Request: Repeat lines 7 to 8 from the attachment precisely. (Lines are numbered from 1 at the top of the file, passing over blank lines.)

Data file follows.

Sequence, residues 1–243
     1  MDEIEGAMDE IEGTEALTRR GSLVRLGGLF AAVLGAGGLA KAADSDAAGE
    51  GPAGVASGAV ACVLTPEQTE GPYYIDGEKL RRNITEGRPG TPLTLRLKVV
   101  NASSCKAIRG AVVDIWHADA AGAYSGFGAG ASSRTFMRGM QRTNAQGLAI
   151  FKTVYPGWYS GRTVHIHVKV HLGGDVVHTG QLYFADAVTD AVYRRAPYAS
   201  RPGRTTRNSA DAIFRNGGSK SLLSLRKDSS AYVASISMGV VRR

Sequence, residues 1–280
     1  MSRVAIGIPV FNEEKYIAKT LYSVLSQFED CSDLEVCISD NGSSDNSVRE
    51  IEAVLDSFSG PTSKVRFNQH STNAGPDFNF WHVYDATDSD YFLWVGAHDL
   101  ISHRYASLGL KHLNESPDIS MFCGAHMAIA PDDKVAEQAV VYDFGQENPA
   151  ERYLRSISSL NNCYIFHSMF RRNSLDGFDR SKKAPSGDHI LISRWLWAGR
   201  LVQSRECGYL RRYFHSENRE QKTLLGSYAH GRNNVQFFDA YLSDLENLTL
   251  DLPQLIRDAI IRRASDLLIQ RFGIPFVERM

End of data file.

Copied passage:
Sequence, residues 1–280
     1  MSRVAIGIPV FNEEKYIAKT LYSVLSQFED CSDLEVCISD NGSSDNSVRE